I, of course, have no idea if that's the engine running this comic. But given Orbiter, and Global Frequency, it might could be.

    And, in that light, the look into the eyes of the soldier as the purple-eyed kids decide whether he is 'Self' or 'Other' strikes me as a crucial moment in the story.
    • CommentAuthorSteadyUP
    • CommentTimeNov 28th 2009
     (7314.55)
    @Jon - ah, but what a fascinating mess. =)
    • CommentAuthorPooka
    • CommentTimeNov 29th 2009
     (7314.56)
    Oh, this is getting really exciting.
    I can't wait for next week!
    Well, this week has been really busy for me actually. Thanksgiving, we ran in like bastards, ate big plates of food, dropped off the kids and sped out of there. We had alot of work to prepare for and I didn't feel like dealing with with horrid cousin of my husband. Who thought the height of comedy was falsely identifying my step daughter as a boy, and asking her if her father's name was Glitter (his family calls him Critter...). and then his mother saying we were bad parents (because I've had a girlfriend before mostly...and because we let the girls watch and read stuff above their "recomended" level...). Anyway, we went home and finished up our costuming for my husband's graduate project. He's doing some photo manip and I had to model as the main character in the first series and a secondary character in the second. Because it took us a while to get a proper camera, and a lot of other crazy delays we had to wait until the middle of a kentucky winter to take the shots, and my costume was, while layered, less warm than my coat. I also had to put my tights and boots on after we got to the shooting location because I really didn't want to hike down to the rock formations in boots that were really a size too big for me. We only managed one of the four set ups that we need, but we got some really good shots (I'll post the raw images once we get the on the computer). We have to go out today and find an old abandoned house (which won't really be that hard in this area. You can't go down any road for too long without finding creepy rotting farm houses and barns.)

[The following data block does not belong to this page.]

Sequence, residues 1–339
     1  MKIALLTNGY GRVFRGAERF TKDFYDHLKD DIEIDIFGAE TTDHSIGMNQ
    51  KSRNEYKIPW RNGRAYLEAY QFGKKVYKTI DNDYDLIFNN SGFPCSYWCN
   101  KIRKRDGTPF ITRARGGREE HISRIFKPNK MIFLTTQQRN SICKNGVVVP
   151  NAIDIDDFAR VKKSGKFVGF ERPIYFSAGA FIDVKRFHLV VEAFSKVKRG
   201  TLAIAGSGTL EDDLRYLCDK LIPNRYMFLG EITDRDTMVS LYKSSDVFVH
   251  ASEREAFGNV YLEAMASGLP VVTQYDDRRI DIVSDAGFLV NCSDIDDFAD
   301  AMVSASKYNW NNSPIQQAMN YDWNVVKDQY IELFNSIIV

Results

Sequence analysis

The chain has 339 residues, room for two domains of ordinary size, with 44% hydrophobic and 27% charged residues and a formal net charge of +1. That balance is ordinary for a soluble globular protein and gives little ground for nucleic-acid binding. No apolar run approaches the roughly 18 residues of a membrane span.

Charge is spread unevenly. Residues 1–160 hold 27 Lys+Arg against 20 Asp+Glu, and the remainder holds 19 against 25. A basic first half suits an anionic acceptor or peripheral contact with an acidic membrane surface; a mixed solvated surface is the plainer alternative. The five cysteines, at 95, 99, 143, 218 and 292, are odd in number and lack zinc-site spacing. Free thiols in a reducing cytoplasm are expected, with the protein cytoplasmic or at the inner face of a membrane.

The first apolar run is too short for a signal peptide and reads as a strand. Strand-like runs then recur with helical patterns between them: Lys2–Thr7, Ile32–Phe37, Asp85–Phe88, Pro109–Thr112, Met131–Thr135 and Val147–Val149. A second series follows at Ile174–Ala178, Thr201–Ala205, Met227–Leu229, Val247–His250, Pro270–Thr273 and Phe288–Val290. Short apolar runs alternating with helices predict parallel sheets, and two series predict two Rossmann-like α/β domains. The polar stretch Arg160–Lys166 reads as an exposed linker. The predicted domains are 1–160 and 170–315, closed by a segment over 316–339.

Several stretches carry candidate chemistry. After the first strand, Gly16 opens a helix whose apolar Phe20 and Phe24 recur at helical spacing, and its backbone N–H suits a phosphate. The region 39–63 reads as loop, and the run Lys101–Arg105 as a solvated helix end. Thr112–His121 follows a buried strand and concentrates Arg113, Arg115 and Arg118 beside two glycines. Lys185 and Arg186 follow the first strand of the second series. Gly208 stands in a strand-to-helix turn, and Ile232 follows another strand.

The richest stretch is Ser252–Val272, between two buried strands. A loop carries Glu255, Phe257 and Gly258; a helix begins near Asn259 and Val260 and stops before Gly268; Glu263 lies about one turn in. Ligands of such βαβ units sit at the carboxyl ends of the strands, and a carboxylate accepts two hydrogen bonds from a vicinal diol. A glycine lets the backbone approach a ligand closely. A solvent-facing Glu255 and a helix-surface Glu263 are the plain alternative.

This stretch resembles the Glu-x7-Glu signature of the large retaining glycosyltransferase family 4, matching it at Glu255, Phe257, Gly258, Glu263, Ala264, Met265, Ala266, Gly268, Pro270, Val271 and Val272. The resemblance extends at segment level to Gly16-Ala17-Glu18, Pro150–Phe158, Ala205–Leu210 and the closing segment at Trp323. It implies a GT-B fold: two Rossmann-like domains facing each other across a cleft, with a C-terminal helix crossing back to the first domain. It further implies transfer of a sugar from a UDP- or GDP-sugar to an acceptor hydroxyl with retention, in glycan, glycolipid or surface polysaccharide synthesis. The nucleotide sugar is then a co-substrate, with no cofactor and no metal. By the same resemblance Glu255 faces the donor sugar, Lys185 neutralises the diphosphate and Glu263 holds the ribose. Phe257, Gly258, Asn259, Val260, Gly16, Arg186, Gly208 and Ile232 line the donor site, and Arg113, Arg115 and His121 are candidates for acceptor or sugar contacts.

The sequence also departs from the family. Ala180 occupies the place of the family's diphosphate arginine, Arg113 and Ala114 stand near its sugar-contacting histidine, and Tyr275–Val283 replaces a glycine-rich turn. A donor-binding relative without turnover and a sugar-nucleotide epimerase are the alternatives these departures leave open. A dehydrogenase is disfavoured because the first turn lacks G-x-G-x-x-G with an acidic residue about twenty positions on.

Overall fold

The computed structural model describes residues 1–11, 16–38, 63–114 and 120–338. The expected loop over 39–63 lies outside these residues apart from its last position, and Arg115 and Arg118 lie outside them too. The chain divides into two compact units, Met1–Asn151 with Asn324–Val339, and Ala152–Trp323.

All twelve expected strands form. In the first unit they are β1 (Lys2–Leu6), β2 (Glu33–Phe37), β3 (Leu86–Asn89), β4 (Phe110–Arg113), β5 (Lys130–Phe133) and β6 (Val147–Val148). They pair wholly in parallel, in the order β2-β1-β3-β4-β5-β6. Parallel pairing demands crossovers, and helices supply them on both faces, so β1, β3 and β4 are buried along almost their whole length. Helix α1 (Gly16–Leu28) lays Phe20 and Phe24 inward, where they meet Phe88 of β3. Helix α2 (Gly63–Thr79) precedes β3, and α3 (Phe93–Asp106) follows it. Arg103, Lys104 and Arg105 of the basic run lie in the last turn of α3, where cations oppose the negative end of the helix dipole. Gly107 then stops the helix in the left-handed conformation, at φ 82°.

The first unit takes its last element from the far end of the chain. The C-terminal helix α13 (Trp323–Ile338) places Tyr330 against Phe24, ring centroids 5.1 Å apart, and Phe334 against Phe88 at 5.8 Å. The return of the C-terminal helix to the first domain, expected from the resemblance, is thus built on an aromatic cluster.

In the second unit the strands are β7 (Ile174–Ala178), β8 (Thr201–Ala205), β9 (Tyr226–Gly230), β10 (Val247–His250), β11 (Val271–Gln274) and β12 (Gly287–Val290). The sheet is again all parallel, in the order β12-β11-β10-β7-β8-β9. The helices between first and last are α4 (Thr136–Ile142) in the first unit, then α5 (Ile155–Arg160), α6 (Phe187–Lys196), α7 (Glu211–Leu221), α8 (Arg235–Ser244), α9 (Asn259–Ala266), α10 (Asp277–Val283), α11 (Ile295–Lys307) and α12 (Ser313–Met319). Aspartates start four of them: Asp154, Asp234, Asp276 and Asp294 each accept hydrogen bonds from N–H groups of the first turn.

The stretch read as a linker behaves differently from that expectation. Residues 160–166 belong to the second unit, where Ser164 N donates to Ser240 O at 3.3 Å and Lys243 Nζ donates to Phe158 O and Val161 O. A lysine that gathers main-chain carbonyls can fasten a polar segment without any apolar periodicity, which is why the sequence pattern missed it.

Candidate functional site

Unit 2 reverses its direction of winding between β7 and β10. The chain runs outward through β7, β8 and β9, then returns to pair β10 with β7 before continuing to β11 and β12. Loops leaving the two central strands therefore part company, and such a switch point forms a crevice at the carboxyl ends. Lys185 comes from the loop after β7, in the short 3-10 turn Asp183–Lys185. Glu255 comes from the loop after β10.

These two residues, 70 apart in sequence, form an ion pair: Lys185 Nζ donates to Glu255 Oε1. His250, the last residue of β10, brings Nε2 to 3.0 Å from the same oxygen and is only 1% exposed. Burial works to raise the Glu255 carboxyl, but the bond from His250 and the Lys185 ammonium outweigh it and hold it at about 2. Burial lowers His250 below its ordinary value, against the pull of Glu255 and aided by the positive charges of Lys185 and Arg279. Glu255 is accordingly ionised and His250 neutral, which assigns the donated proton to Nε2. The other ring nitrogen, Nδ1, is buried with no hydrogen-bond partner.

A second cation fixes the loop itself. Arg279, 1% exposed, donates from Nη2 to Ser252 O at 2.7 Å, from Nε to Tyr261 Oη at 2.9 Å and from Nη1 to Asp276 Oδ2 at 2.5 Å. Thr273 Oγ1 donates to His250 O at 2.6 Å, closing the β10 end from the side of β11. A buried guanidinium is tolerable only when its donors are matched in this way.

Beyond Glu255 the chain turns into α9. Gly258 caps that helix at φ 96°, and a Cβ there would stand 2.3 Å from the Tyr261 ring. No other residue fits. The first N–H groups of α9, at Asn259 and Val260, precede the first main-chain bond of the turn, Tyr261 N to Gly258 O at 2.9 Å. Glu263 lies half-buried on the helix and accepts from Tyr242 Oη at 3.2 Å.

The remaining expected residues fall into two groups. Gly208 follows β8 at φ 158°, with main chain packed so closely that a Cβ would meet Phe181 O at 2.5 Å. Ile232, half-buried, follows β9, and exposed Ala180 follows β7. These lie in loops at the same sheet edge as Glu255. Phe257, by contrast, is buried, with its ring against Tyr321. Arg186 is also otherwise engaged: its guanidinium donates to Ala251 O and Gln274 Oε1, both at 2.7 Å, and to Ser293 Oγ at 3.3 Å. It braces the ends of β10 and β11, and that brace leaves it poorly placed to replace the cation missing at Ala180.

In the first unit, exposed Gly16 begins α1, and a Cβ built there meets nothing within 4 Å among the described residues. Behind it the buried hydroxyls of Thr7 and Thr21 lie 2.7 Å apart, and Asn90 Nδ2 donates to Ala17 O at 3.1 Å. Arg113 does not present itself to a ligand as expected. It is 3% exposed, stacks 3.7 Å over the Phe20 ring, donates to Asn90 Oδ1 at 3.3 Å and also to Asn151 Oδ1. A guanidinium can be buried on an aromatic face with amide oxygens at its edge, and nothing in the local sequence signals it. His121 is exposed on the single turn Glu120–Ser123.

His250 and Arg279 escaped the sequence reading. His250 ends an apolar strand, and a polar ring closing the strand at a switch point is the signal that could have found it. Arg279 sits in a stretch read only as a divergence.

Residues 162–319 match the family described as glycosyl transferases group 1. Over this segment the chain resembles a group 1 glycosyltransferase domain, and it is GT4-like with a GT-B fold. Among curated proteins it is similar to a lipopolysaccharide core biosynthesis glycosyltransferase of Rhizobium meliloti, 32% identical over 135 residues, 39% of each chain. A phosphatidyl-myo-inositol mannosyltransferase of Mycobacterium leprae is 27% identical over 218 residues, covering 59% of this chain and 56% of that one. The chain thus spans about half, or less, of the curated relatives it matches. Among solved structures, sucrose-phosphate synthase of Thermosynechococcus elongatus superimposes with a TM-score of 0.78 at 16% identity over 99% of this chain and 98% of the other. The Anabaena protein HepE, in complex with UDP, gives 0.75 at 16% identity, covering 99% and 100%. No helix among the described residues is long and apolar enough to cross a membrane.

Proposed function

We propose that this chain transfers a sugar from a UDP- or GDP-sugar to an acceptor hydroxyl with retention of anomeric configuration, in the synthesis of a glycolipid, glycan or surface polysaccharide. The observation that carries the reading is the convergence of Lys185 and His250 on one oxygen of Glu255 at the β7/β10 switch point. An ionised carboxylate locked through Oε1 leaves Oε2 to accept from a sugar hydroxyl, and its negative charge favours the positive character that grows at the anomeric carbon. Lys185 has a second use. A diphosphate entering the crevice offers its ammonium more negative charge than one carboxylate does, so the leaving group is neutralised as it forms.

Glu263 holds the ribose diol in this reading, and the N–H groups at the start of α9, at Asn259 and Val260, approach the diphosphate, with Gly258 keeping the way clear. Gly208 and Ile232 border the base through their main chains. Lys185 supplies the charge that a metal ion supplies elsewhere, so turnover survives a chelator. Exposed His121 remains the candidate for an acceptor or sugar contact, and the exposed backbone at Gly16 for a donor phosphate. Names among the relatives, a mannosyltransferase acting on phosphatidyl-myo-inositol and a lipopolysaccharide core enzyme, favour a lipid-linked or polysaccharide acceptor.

We also went to see 2012. I got what I expected. The plot was predictable,the acting was mediocre, but that's not why you go to see movies like that for. You want to see the world burn. I was impressed by the world destruction...but I thought it needed another twenty minutes of monuments crumbling and people dying in bizarre and unescapable mother naturey doom...
    • CommentAuthormaxowallis
    • CommentTimeNov 29th 2009
     (7314.57)
    Um ... I've always been a lurker, I really love Freakangels.

    But on page pg 6, episode 77 there's a spelling mistake in 'practise' it should be 'practice'? Unless I'm completely wrong, which is possible.

    Anyway keep up the amazing work guys :D x
    •  
      CommentAuthorrazrangel
    • CommentTimeNov 29th 2009
     (7314.58)
    @maxowallis - that's the British spelling. Warren Ellis is British and FA takes place there so... no spelling error. Using a C is alternate spelling Americans typically employ.
    • CommentAuthormaxowallis
    • CommentTimeNov 29th 2009
     (7314.59)
    @razrangel - I'm English myself and have never been taught to use the 's' version in schooling, but maybe it's interchangeable these days I'm not sure. Anyway, fair enough.
    •  
      CommentAuthorrazrangel
    • CommentTimeNov 29th 2009 edited
     (7314.60)
    @maxowallis - hm at your school(s) did they teach it with a "c"? I'm used to the differences in part as a professional copywriter and editor and typically with English writing we would refer to the BBC or British Economist style guides. According to the Economist the C is for the noun "practice" and the S is for the verb. Americans pretty much don't use the s in that way.